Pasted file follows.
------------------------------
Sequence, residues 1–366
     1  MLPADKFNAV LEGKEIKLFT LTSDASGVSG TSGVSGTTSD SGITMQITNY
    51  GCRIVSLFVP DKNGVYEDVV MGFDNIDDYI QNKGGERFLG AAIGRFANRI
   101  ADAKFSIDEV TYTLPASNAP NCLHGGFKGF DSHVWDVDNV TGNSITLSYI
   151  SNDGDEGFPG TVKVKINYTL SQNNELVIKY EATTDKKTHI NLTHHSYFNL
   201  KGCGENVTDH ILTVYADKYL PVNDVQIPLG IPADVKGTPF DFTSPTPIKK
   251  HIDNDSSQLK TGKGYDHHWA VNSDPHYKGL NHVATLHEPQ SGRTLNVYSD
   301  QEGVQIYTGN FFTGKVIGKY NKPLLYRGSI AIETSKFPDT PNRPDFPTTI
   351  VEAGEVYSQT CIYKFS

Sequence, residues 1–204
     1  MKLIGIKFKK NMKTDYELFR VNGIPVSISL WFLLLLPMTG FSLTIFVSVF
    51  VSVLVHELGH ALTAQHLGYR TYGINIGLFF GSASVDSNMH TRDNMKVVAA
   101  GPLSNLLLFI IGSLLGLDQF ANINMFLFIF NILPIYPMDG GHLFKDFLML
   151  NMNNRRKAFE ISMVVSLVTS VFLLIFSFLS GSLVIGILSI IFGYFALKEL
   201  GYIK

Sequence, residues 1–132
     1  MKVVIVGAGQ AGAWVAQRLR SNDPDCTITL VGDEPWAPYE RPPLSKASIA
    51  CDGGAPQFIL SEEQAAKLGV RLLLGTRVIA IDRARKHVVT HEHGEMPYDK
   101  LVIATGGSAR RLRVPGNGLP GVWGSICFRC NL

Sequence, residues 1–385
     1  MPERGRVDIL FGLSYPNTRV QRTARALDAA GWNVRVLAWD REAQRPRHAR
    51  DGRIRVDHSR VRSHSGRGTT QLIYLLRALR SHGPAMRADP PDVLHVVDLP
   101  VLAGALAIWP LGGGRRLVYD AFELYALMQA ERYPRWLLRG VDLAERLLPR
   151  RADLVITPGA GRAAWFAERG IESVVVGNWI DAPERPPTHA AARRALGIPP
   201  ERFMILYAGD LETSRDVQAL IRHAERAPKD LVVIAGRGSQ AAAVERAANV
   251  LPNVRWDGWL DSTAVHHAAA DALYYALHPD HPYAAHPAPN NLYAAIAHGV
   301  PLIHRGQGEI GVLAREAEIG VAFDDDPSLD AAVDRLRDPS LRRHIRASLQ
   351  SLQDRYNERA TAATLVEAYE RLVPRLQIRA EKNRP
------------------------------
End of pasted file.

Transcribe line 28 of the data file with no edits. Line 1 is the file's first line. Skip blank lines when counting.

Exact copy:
   351  SLQDRYNERA TAATLVEAYE RLVPRLQIRA EKNRP